Fellowship is not just connected with privilege but also responsibility. The word fellowship in Greek is koinonia, while those partaking in that fellowship are koinonos and the verb to fellowship is koinoneo. When Paul says that the nations have “participated” (Rom. 15: 27—koinoneo) in the spiritual things of the Jews, that is privilege. When John writes that “he who greets him partakes” (koinoneo) “in his wicked works” (2 John 11), that is responsibility. Again, Christians are exhorted not to be forgetful of “doing good and communicating [of your substance]” (Heb. 13: 16), where the word communicating is koinonia. We are responsible to be marked by such fellowship, while those receiving the “contribution” (Rom. 15: 26—koinonia) are obviously privileged.

   When the Gospel writer says that James and John “were partners” (koinonos) “with Simon” (Luke 5: 10) it means far more than that they were simply occupied in fishing. We know from Mark 1: 19, that after calling Simon Peter, the Lord walked on a little further before calling James and John. Yet Luke does not say that they ‘were koinonos with Simon in fishing’ but simply that they ‘were koinonos with Simon’. We get similar truth taught elsewhere. Titus was Paul’s “companion” (2 Cor. 8: 23—koinonos), the implication being that there was a bond between them that stretched beyond merely travelling in the same direction. Again, when Paul writes to Philemon, he speaks firstly in v6 to “thy participation” (koinonia) “in the faith”, but then uses stronger language in v17 when he says “If therefore thou holdest me to be a partner” (koinonos) “[with thee], receive him as me”. The latter brings out far more the sense of responsibility to one another that attaches to fellowship.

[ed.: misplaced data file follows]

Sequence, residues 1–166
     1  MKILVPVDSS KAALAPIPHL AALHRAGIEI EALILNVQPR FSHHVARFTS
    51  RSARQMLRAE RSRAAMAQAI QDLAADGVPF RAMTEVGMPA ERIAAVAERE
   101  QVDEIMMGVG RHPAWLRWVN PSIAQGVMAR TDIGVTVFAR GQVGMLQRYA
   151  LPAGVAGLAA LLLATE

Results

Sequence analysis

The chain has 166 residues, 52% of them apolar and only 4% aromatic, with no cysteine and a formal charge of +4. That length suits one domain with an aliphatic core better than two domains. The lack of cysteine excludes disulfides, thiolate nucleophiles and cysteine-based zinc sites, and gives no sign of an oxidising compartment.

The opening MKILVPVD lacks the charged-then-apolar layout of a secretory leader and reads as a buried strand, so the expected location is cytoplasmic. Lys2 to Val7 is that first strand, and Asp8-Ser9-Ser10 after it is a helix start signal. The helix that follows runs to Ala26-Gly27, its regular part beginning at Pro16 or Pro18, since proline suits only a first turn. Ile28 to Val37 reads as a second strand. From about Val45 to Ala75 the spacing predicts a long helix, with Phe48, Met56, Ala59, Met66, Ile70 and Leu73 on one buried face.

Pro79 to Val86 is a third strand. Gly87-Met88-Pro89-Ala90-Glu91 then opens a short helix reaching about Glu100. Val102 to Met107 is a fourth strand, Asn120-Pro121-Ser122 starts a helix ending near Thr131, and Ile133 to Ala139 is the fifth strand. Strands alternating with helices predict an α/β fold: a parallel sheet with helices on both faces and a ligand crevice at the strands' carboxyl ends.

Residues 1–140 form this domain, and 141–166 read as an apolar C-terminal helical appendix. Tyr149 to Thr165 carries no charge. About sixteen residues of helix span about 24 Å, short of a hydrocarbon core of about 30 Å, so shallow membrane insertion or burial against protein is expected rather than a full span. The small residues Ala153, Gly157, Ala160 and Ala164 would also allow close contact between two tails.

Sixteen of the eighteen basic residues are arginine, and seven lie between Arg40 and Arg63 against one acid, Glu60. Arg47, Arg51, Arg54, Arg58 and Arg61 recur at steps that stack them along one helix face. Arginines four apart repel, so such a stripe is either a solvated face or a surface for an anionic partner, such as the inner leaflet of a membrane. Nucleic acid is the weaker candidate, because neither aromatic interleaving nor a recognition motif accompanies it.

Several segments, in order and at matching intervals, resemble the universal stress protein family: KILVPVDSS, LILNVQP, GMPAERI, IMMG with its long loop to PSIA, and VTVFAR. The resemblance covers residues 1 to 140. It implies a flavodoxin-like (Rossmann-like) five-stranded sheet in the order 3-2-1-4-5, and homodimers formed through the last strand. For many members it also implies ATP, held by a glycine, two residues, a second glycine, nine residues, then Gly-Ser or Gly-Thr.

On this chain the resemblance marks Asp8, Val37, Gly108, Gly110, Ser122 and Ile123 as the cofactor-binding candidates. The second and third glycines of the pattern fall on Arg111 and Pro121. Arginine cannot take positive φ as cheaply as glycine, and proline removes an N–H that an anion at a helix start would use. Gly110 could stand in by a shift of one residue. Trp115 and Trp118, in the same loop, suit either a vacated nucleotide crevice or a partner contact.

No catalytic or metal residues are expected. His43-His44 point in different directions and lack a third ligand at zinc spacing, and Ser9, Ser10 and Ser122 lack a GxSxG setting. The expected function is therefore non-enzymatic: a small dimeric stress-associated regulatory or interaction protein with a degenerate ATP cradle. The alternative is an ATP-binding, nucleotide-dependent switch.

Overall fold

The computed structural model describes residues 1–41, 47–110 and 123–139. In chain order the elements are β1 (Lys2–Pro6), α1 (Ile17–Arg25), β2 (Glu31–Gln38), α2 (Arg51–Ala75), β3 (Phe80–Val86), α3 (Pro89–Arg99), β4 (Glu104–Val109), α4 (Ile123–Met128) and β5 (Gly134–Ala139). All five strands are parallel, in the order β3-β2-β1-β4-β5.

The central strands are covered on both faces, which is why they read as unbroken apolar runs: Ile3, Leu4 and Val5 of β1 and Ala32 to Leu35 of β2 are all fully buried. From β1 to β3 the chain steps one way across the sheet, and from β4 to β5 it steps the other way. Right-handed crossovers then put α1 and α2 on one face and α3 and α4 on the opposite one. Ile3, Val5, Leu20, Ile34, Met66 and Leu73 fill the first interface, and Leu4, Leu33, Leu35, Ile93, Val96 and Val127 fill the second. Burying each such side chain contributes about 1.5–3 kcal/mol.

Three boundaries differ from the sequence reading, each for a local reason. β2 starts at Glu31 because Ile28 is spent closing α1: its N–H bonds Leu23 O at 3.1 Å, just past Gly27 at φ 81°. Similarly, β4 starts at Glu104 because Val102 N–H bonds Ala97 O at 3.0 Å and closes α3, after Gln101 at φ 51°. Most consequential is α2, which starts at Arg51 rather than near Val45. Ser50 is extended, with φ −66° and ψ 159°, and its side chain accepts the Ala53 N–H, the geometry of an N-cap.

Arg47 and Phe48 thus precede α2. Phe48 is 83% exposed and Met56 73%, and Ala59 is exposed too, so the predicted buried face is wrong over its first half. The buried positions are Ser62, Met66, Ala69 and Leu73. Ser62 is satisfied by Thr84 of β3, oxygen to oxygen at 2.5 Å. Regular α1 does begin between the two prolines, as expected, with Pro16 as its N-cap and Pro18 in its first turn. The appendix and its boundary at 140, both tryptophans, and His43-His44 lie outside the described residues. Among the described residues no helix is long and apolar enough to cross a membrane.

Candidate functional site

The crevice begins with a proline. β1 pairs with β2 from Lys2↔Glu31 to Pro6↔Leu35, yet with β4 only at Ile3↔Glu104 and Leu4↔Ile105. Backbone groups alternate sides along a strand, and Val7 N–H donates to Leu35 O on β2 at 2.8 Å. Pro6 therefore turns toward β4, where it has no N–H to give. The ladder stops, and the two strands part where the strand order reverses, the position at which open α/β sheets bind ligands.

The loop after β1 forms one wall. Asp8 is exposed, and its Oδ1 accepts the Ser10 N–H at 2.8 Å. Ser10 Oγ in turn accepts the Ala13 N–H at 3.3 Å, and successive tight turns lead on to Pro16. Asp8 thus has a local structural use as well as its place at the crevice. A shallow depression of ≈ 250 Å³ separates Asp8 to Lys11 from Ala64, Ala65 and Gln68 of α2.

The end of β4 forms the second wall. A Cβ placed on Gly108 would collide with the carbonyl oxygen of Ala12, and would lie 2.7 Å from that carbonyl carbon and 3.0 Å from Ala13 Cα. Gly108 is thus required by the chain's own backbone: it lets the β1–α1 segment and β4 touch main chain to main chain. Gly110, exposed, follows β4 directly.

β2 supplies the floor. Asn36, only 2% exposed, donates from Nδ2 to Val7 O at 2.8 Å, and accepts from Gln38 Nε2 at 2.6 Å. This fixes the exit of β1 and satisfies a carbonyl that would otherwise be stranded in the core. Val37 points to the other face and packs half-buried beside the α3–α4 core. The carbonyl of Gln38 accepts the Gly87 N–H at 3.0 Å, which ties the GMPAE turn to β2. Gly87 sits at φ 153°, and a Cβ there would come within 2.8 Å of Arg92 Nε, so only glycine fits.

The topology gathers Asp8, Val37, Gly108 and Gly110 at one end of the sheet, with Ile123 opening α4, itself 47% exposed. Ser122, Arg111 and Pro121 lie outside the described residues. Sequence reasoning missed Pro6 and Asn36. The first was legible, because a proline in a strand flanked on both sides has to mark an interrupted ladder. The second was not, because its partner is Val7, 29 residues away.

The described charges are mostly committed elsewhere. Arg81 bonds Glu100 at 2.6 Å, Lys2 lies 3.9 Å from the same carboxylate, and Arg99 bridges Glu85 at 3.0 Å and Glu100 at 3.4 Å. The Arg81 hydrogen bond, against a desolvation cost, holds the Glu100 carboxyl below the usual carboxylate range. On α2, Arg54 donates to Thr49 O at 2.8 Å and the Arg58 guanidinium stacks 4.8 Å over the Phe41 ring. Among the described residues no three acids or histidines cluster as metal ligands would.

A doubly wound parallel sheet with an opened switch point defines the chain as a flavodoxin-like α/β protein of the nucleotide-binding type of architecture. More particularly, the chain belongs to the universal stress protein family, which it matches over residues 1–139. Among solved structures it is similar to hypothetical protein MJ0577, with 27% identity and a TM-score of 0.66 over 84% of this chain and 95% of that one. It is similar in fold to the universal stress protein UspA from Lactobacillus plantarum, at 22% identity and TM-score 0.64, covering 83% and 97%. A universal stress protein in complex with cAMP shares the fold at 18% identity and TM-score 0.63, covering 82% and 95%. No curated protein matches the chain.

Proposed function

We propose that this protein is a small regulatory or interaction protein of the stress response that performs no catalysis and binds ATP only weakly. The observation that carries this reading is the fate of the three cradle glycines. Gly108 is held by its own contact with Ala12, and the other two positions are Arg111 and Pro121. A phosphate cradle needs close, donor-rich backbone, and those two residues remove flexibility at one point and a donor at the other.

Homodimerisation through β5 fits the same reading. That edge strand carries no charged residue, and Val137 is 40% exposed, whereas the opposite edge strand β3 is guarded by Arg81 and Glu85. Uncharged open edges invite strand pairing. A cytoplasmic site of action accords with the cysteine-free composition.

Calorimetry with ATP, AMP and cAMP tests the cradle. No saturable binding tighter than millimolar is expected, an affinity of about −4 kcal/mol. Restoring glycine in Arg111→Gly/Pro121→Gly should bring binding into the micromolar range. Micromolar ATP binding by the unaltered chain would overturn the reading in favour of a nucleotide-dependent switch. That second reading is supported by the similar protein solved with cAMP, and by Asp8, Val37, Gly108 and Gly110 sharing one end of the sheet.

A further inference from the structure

Sadly, the concept of fellowship that many hold today is dangerously one-sided. Thus, there is a great emphasis on the privilege of sharing in common, while the parallel truth of the responsibility of partnership is almost ignored. In relation to fellowship, Paul refers us to God’s earthly people: “See Israel according to flesh: are not they who eat the sacrifices in communion” (koinonos) “with the altar? (1 Cor. 10: 18). So have we taken that lesson on board? Anyone acquainted with the OT Scriptures knows that both privilege and responsibility attached to being a participant at the altar of Israel, and that failure in responsibility had serious consequences.